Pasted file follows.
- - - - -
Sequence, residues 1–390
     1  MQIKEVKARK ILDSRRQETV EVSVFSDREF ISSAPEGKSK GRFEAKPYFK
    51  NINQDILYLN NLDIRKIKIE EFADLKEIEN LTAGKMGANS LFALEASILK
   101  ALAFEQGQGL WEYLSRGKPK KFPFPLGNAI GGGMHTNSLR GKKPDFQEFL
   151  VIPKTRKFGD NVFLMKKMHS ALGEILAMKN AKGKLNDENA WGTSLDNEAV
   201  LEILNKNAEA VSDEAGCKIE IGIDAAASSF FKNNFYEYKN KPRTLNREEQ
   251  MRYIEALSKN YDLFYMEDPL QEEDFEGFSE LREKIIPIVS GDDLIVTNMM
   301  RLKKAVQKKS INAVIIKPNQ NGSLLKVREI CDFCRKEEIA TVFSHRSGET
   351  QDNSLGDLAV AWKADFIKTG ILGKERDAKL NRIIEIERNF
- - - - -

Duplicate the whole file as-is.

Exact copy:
Sequence, residues 1–390
     1  MQIKEVKARK ILDSRRQETV EVSVFSDREF ISSAPEGKSK GRFEAKPYFK
    51  NINQDILYLN NLDIRKIKIE EFADLKEIEN LTAGKMGANS LFALEASILK
   101  ALAFEQGQGL WEYLSRGKPK KFPFPLGNAI GGGMHTNSLR GKKPDFQEFL
   151  VIPKTRKFGD NVFLMKKMHS ALGEILAMKN AKGKLNDENA WGTSLDNEAV
   201  LEILNKNAEA VSDEAGCKIE IGIDAAASSF FKNNFYEYKN KPRTLNREEQ
   251  MRYIEALSKN YDLFYMEDPL QEEDFEGFSE LREKIIPIVS GDDLIVTNMM
   301  RLKKAVQKKS INAVIIKPNQ NGSLLKVREI CDFCRKEEIA TVFSHRSGET
   351  QDNSLGDLAV AWKADFIKTG ILGKERDAKL NRIIEIERNF